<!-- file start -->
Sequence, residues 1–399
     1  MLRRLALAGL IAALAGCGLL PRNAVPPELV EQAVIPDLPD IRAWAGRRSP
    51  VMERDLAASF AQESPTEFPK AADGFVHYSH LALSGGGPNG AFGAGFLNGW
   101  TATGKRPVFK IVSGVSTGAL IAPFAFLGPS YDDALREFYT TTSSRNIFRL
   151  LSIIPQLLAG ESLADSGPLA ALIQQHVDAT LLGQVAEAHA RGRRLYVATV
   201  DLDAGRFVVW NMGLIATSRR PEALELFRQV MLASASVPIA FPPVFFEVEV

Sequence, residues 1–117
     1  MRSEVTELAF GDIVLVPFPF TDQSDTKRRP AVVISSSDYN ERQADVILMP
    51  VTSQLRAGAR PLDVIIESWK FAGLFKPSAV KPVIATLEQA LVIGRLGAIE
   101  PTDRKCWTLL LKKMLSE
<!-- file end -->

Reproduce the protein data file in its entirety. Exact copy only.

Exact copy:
Sequence, residues 1–399
     1  MLRRLALAGL IAALAGCGLL PRNAVPPELV EQAVIPDLPD IRAWAGRRSP
    51  VMERDLAASF AQESPTEFPK AADGFVHYSH LALSGGGPNG AFGAGFLNGW
   101  TATGKRPVFK IVSGVSTGAL IAPFAFLGPS YDDALREFYT TTSSRNIFRL
   151  LSIIPQLLAG ESLADSGPLA ALIQQHVDAT LLGQVAEAHA RGRRLYVATV
   201  DLDAGRFVVW NMGLIATSRR PEALELFRQV MLASASVPIA FPPVFFEVEV

Sequence, residues 1–117
     1  MRSEVTELAF GDIVLVPFPF TDQSDTKRRP AVVISSSDYN ERQADVILMP
    51  VTSQLRAGAR PLDVIIESWK FAGLFKPSAV KPVIATLEQA LVIGRLGAIE
   101  PTDRKCWTLL LKKMLSE